something fishy

a fisheye 110 camera sold by Lomography

Toronto. Those of you who still use film for that special feeling, remember Lomography. Ms Birgit Buchart at recently sent me an email. The folks there are re-introducing the 110 fisheye camera. See photos of the metal version here, or the bauhaus version here.

Think you need more about the camera or film? Download a Press Kit here. Or just take the plunge and buy one of the 110 cameras here.

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so near yet so far

Streetsville School c1900

Toronto. The second book in Douglas Adams‘ five volume “trilogy” – The Hitchhiker’s Guide to the Galaxy – is titled “The Restaurant at the end of the Universe“. It clarifies the difference between physical distance and temporal distance.

Similarly, while we in west Toronto are physically just next door to the photographs, time-wise we are over a century away from them. Their graininess is due entirely to the halftone process of the day that ‘transformed’ black (ink) and white (no ink) into shades of grey so photographs could be reproduced. I have books from the 1950s and earlier whose photos have a similar lack of resolution thanks to the halftone process once used.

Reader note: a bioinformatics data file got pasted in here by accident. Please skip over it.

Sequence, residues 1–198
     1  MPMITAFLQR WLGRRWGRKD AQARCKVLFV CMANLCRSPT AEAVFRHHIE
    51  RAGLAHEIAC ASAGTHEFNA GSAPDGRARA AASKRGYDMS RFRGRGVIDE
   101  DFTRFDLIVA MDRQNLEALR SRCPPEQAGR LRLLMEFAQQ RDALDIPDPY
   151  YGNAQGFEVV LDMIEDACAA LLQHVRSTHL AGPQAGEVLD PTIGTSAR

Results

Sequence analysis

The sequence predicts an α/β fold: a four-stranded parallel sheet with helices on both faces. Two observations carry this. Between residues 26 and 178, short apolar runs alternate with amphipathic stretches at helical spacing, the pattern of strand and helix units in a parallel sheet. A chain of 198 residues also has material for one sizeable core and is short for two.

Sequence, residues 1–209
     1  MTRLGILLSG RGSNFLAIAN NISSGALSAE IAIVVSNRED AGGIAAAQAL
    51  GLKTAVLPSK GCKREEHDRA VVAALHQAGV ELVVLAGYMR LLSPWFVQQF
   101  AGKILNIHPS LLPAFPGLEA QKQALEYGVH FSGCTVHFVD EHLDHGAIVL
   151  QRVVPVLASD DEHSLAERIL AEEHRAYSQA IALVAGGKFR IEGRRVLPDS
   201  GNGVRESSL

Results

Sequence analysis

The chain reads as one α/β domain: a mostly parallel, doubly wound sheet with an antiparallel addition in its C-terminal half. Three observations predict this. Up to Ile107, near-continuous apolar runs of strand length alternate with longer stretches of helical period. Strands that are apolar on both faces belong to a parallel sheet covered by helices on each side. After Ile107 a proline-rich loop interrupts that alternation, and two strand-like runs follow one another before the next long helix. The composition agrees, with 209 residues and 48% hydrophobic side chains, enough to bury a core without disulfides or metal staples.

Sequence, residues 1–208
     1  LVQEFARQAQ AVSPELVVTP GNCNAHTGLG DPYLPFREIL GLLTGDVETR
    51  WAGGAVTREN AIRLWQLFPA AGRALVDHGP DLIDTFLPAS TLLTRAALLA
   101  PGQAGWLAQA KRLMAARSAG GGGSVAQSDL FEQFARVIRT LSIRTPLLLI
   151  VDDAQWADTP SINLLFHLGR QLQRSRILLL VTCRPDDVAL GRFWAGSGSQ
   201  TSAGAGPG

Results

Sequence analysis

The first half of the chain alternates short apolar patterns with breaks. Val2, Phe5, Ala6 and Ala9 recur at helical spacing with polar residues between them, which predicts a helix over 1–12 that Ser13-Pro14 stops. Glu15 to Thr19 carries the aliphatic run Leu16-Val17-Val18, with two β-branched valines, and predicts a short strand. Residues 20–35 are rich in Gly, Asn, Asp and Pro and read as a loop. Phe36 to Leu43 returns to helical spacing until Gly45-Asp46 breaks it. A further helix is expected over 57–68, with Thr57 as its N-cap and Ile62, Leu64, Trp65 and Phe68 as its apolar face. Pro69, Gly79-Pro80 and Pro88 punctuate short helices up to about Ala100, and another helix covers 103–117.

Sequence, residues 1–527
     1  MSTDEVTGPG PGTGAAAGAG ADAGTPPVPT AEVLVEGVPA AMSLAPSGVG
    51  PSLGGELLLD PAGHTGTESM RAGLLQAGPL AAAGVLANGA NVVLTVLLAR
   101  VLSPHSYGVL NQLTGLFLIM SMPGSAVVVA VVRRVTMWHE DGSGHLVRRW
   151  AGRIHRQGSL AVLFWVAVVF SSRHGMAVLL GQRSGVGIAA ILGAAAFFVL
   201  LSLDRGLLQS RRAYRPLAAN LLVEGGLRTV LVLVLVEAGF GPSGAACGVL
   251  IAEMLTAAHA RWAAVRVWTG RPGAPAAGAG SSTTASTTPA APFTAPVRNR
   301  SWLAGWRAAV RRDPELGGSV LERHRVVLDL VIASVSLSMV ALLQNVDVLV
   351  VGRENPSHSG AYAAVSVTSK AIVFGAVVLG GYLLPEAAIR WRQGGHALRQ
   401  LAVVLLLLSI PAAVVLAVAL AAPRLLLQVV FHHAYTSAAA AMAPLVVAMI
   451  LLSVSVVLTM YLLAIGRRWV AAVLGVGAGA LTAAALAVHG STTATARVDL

The photographs for this post are on the Insauga [In Mississauga] web site. Take a look (caution: you will be bombarded with ads and solicitations). Once again we owe a debt to good friend and fellow photo-historian, George Dunbar, for finding and sharing this site with us. Along with the above link, George writes, “An extensive site here with hundreds of historic images of Mississauga and surrounding towns and villages”.

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he is the flash man

freeze Frame

Toronto. The March, 1946 edition of Popular Mechanics has an article on a unique 35mm camera designed for the US Army’s Surgeon General. Around the camera’s lens is a flash tube that flashes a 1/25,000th second burst of light “brighter than the sun” to capture the photo of an open eye for example.

Three decades later such ‘ring’ flashes were common place for shadow free close-ups of all sorts of things. Thanks to my good friend and fellow PHSC member, George Dunbar, for discovering and sharing this piece of photographic history.

NB. The title of this post is a riff on that incessant and irritating TV advertisement by Oliver Jewellery, “I am the cash man”. The commercial encourages you to bring in your old and broken gold, etc. jewellery for money.

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anything for a buck …

ad for a photo ring – only $1 US in 1946 when our dollar was worth a bit more than that.

Toronto. Some people will do anything for money. While a dollar ring sounds junky (and maybe it was), 20 years later 18k gold was still about $25/ounce Canadian.